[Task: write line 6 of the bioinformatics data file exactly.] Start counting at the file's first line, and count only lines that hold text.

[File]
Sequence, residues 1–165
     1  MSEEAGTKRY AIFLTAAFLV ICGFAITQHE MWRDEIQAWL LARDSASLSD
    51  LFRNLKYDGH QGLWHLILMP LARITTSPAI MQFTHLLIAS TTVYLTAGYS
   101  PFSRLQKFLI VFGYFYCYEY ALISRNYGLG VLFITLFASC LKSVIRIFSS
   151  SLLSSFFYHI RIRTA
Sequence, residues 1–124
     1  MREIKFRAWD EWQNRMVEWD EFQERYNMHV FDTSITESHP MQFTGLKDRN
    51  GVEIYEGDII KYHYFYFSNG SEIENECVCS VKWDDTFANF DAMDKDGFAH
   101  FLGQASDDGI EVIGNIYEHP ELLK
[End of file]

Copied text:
Sequence, residues 1–124